Necrobiosis lipoidica is a rare skin disorder which can affect the shin of insulin dependent diabetics, although it may occur in non-diabetic subjects as well. The cause is unknown.
Typically, one or more tender yellowish brown patches develop slowly on the lower legs over several months. They may persist for years. They may be round, oval or an irregular shape. The centre of the patch becomes shiny, pale, thinned, with prominent blood vessels (telangiectasia). A minor injury to an established patch can cause it to ulcerate. This is often painless.
Skin biopsy may be performed to confirm the diagnosis. The histopathology is characteristic; it shows an granulomatous inflammatory reaction around destroyed collagen. This is known as necrobiosis or collagenolyis. It can however be difficult to distinguish from granuloma annulare and rheumatoid nodules.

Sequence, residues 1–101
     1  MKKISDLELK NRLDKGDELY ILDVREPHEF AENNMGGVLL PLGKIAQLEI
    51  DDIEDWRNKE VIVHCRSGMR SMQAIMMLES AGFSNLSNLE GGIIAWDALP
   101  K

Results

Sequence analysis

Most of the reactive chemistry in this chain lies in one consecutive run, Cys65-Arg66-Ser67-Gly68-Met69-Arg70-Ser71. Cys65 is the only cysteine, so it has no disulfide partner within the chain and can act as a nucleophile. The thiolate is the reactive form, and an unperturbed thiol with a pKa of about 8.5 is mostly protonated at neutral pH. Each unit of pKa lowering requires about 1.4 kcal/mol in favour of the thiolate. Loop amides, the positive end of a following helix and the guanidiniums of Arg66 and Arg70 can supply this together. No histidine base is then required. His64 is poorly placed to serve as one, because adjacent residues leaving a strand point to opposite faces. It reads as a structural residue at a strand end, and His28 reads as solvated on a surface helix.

What is the treatment for necrobiosis lipoidica?
Not all cases require treatment. The following are sometimes effective:
- Topical steroids, usually under a plastic occlusive dressing
- Intralesional steroid injections or steroid tablets
- Aspirin and dipyridamole combination
- Oxypentifylline tablets
- Oral ciclosporin
- Photochemotherapy (PUVA)
On DermNet NZ:
- Necrobiosis lipoidica pathology
- Diabetic foot ulcers
- Granuloma annulare
- Skin signs and systemic disease
- Necrobiosis lipoidica – emedicine dermatology ndash; Medscape Reference
- Necrobiosis Lipoidica – British Association of Dermatologists
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